[libnice] How can I know that components on both peers are in the NICE_COMPONENT_STATE_READY

Fabrice Bellet fabrice at bellet.info
Mon Oct 19 16:33:04 UTC 2020

Hi Michal,

On 10/16/20 at 01:26pm, Michal Sledz wrote:
> how can I know that components on both peers are in the
> NICE_COMPONENT_STATE_READY. I mean is it possible that the local component
> changed its state to NICE_COMPONENT_STATE_REDY (i.e. it's ready to send and
> receive messages) and the remote one is still e.g. in
> state?
> I am reading RFC 8445 and I really don't know. Example section shows that
> this isn't possible but from earlier chapters I think we can deduce that it
> is.
> What is more I am almost sure that if we use aggressive nomination it is
> possible that local component can be in READY state while the remote one
> not.
> I just want to perform DTLS handshake after establishing connection with
> ICE and I am not sure when to start sending packets to the remote peer so
> that it can respond to them. If I send them too early when the remote peer
> is not in the READY state yet it will not be able to send any response.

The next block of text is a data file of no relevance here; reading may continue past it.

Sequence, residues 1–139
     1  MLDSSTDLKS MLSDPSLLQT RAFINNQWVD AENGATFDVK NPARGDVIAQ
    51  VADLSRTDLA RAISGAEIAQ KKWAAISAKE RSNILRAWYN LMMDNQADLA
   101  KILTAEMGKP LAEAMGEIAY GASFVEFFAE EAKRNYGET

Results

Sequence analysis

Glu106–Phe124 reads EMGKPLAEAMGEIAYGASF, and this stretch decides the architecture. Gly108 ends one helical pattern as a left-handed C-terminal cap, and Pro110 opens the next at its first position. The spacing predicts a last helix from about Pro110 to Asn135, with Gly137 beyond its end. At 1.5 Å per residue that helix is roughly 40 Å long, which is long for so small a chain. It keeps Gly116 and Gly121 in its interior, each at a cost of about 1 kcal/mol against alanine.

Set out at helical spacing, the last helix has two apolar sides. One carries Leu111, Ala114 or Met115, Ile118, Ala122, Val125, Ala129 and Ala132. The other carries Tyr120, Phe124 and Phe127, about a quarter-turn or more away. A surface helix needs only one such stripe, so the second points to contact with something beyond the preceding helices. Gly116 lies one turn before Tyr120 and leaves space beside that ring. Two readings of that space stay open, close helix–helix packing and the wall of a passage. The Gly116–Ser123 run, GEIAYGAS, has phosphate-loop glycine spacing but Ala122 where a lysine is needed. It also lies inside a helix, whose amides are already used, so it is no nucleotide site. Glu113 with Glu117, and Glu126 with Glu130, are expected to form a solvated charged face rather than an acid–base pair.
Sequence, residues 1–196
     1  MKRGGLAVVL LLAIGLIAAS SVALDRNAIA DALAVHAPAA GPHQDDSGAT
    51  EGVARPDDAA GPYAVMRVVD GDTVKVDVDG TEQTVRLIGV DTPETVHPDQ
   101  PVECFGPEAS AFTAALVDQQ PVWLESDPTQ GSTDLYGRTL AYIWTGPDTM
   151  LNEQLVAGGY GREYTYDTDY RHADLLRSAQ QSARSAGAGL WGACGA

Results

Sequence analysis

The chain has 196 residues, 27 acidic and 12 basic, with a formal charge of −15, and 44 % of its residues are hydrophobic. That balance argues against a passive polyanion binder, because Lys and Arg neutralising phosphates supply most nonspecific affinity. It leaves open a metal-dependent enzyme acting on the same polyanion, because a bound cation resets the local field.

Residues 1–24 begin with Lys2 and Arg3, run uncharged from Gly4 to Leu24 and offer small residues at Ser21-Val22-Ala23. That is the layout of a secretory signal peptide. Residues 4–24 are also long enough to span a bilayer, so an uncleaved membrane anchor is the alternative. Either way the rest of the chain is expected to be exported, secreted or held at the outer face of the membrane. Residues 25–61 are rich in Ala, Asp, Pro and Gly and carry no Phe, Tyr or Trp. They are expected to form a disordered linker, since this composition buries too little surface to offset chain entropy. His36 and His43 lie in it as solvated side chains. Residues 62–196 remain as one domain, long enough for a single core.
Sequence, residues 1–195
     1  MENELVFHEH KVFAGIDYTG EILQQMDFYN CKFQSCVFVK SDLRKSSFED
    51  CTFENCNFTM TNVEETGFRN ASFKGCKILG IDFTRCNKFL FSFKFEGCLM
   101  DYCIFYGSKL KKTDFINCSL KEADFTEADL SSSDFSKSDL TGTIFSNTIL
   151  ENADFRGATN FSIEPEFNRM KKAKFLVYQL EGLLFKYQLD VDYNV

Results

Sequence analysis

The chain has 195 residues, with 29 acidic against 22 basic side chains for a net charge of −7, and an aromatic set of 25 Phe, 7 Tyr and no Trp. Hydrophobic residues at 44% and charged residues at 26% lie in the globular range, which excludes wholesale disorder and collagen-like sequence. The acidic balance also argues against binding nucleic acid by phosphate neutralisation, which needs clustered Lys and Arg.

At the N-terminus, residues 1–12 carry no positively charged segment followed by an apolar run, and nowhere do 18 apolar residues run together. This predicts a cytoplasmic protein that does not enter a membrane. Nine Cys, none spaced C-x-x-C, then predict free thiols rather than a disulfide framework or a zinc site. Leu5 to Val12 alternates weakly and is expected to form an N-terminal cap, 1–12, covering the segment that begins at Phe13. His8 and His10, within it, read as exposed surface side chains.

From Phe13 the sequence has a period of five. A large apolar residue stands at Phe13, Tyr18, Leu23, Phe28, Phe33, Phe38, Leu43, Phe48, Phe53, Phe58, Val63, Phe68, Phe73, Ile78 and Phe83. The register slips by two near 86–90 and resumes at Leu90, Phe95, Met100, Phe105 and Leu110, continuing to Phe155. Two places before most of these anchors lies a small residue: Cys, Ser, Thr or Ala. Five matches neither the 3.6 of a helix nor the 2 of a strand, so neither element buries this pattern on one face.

You cannot really know when the remote agent has reached state READY,
because it depends on internal timers and retransmission counters that
are not known by the local agent. But what is interesting from the
application developper point-of-view is the CONNECTED state, because it
indicates that a selected local-remote address pair can be immediately
used to send and receive data. 

The delay between CONNECTED and READY state is an interval where libnice
still searches for better pairs that could *eventually* replace the
initially selected pair.

This delay could be quite long (several seconds), because it involves
testing pairs that are not reachable, where we cannot declare these
pairs as 'failed', before having tried all retransmissions. 

Best regards,

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